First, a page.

Ever since Pele boldly predicted that an African side would win the World Cup before the end of the 20th century, the race was underway for a side from the continent to deliver.
African sides clearly missed the deadline the Brazilian legend set, but with the World Cup being held on the African continent for the first time in 2010 there was renewed hope the dream could be realized.
Not only had a record six teams from the continent qualified - after hosts South Africa had their place safeguarded - African talent had arguably never been richer or to be found in more depth.
But with Asamoah Gyan's extra-time penalty miss in Ghana's quarterfinal game against Uruguay, the chance to seal an historic berth in the final four for an African side went begging; a continent's hopes were dashed.
The Black Star striker showed immense courage to regather his game to score Ghana's first penalty - in what would ultimately prove a doomed - shoot out to decide the tie.
And Ghana too had performed above expectations to progress from their group and get so close to the semifinals despite being deprived of star player Michael Essien along with both captain Stephen Appiah and midfielder Sulley Muntari struggling with fitness.
Of the other African teams questions must be asked. Bafana Bafana united an often fractious nation with good performances in two of their three group games, but ultimately, one of the highest paid coaches on the planet (Carlos Alberto Parreira) became the first to steer a host side out of the World Cup before the knockout stages.
Cameroon finished bottom of their group, with no points from three games and were the first team dumped out of the cup. Samuel Eto'o - who was the official face of the 2010 tournament, and a recent winner of a treble of trophies with club side Inter Milan - surely hoped for more.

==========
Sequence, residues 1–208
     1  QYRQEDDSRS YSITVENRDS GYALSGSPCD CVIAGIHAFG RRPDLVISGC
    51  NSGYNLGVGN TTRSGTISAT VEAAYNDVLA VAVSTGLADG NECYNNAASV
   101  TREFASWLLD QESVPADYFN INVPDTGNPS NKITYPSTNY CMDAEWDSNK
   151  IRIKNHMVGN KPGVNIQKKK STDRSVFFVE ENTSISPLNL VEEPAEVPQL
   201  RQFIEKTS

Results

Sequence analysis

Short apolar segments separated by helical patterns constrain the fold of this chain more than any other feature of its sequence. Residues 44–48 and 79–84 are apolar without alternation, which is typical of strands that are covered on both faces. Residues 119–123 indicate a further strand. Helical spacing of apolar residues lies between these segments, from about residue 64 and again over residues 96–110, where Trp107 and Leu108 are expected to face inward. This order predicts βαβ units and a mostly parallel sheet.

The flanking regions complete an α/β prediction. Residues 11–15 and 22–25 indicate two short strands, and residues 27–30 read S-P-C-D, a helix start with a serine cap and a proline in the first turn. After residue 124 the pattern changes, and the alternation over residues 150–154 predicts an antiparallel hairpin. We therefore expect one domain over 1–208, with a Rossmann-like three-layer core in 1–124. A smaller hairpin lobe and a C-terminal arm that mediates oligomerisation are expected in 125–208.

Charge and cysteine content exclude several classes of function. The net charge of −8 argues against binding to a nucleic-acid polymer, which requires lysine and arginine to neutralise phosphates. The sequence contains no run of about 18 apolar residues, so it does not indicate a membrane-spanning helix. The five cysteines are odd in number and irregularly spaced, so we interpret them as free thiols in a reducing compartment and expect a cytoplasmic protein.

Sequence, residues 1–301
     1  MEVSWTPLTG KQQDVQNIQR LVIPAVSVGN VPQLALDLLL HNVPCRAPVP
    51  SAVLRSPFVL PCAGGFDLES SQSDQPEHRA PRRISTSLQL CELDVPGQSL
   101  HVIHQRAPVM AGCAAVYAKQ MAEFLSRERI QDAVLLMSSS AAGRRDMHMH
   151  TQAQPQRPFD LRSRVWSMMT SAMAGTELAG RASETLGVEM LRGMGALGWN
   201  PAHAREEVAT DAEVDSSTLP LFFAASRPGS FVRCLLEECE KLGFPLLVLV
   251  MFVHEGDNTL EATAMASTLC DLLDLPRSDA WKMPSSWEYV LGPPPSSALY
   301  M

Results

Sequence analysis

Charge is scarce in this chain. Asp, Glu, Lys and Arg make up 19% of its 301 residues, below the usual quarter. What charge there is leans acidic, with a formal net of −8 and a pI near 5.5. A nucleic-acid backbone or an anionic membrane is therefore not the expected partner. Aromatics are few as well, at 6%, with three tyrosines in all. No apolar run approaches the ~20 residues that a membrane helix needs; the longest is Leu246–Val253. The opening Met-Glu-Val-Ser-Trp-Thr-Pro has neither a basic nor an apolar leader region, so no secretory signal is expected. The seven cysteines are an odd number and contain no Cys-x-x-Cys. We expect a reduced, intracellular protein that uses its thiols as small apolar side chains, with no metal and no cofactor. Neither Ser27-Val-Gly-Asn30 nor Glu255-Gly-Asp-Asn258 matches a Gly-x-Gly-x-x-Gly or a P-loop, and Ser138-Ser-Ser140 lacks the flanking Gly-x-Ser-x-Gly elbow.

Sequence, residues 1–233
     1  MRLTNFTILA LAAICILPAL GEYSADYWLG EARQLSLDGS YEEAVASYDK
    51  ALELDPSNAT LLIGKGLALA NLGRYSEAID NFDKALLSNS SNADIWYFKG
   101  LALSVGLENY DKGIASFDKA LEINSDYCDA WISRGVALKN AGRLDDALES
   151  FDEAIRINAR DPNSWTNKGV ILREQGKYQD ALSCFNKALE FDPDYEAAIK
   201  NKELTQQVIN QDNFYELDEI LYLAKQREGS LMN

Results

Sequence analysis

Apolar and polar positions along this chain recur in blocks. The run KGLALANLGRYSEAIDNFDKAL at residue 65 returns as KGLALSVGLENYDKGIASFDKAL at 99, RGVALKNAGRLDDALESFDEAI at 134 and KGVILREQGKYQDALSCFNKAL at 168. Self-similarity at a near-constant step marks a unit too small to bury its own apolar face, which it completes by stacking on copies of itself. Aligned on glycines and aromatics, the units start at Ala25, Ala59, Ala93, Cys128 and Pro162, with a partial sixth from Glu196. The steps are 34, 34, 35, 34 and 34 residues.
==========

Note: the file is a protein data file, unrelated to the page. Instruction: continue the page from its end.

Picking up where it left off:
Algeria had performed remarkably to even get to the finals, as winners of an epic qualification struggle with arch-rivals Egypt.
The north Africans gave good accounts of themselves in clashes against England, USA and Slovenia. Unfortunately, for the Desert Foxes the gulf in talent was too much to be bridged, but they had opponents who were far superior on paper worried for a while.
Ivory Coast, in typical fashion for the Elephants of late, failed to produce on the big stage. Talisman Didier Drogba was hampered with injury and the west Africans were drawn in a difficult group, but they were unable to upset the odds in any of their matches despite the wealth of experience coach Sven Goran Eriksson brought to the side.
Last but not least are Nigeria. Poor performances and a hat-full of missed chances saw Aiyegbeni Yakubu et al stumble out of a tournament they had only qualified for by the skin of their teeth.
To add salt to the wounds of the once proud Super Eagles, Nigeria's president Goodluck Jonathan then promptly disbanded the national team for two years in response to their poor showing.
A crazy move that does not make good headlines of African football and will surely incur the wrath of FIFA - who deplore government interference in the beautiful game - as well as the millions of soccer mad fans at home.
All-in-all, Ghana aside, there is still work to been done by African nations to turn the undoubted talent available to the various national sides into tangible progress on the world stage.
However, one success that should be remembered from the 2010 event is how people of all races joined in support of a soccer team.
It sounds so simple, but to see white South Africans waving Ghana flags and cheering on a team from west Africa in a location that only 15 years ago lived under strict apartheid shows that any dream has the potential to come true.